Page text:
Rough translation: no plan takes into account when the you-know-what hits the fan. As you probably know from firsthand experience, nothing is more frustrating than a last minute change. Whether it’s an accelerated deadline or an inconvenience like getting stuck in traffic, you have to adjust on the fly. Going back to what Eisenhower was saying, you need to have a contingency plan. That way, when things go awry you will be unphased and know exactly how to shift your attention.
Navy Seal and overall freak of nature David Goggins learned this the hard way. When he first decided to run a 100 mile race with no training–this is not a typo, he really did this–he made some major mistakes that you can learn from. While running this race, he realized he had not backup water source, in another race he had forgotten to take into account the terrain. The lesson was clear, prepare for the worst-case-scenario. Believe it or not, he could’ve made a 100 mile race more tolerable by having a backup water source and by researching the terrain and climate ahead of time. After doing this, his numbers and overall experience improved.
No matter what life throws at you, you can create a contingency plan by asking “what if” and by doing some research ahead of time. That way, when the inevitable changes do occur, you’ll be ready.
What was the last thing you wanted to do, but didn’t?
Chances are you have an excuse for why things went differently. Everyday people say things like “I would’ve gone to the gym but I had to work late.” Yet there are people who had to work late and still found a way to get to the gym.
They hold themselves accountable. We start each day with a full tank of gas (will power), but as the day goes on there are things that require us to use it. Refraining from buying lunch at work because you brought a sandwich, forcing yourself to workout before going home, holding off on that new car–you name it. There’s a plethora of battles we fight each day that demand will power. To overcome temptation takes a combination of this plus accountability.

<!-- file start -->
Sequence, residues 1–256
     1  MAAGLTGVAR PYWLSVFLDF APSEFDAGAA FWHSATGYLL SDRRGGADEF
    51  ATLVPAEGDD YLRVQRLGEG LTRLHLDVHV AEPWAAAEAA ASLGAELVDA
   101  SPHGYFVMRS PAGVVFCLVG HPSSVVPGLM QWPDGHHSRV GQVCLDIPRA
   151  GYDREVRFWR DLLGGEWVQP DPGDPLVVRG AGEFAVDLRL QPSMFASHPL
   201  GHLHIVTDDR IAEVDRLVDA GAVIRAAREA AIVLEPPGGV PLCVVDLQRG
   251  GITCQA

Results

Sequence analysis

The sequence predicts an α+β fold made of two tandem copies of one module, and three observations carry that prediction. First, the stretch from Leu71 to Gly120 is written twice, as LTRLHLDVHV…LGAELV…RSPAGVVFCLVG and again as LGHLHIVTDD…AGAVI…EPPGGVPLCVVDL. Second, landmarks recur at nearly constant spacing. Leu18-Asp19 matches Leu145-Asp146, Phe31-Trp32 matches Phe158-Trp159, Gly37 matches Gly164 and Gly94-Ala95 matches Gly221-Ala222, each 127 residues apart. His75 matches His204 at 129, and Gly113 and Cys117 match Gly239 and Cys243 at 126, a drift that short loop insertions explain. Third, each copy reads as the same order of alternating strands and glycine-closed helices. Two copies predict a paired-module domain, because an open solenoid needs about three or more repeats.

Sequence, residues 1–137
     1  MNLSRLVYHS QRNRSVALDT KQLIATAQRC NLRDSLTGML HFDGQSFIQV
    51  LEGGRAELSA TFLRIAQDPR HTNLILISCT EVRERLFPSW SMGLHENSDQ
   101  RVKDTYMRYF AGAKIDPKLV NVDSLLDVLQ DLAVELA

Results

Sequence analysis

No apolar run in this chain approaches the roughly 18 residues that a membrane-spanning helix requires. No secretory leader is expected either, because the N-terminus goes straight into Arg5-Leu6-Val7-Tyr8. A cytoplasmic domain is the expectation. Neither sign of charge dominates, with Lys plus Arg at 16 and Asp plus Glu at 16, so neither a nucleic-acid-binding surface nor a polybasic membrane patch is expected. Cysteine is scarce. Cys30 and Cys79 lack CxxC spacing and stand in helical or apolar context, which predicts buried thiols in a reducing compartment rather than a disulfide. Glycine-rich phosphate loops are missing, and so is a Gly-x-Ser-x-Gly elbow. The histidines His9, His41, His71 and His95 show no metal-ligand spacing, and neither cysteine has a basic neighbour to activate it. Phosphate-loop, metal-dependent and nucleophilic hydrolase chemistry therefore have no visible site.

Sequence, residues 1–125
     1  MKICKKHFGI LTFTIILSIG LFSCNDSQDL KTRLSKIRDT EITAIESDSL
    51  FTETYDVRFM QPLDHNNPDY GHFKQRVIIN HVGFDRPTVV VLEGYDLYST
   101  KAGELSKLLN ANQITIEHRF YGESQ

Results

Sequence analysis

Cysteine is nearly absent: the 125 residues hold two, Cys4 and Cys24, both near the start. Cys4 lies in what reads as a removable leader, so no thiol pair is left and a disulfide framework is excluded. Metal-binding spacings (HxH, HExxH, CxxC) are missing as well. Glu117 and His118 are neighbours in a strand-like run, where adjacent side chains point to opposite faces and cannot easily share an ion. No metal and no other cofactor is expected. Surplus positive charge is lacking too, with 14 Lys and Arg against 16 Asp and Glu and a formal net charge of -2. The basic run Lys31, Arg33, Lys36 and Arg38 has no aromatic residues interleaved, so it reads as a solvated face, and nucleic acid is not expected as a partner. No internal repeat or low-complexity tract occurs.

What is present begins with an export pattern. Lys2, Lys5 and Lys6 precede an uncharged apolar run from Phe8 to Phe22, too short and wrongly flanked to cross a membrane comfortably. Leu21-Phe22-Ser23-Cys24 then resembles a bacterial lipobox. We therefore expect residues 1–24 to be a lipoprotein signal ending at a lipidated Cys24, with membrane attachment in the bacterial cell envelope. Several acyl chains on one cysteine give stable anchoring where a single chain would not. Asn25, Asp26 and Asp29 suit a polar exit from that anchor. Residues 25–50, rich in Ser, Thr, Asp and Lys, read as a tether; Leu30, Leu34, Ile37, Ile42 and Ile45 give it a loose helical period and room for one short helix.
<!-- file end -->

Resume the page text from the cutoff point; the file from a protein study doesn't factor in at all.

There are many ways to hold yourself accountable. Some people like to journal. Another common way to do this is by creating a to-do list. It’s pretty straightforward: if you complete a task you can cross it off, if you don’t then it stays on the list. As you progress throughout the day, you need to make these objectives your primary focus. Although your list may vary from day to day, the end result is still the same. You need to put aside everything else to get these tasks done. In theory, completing these objectives should push you closer to some great goal over time.
At the end of the day, it’s time to reflect on your progress. Whatever remains on the list is what you need to examine first. There’s probably a reason why you didn’t get it done because of how you approached the day. Be brutally honest and then come up with a plan of attack for the next day.
Accountability is the ultimate friend of productivity.
The truth is that anyone can be more productive. If you want to see amazing results and change your life for the better start implementing these ideas.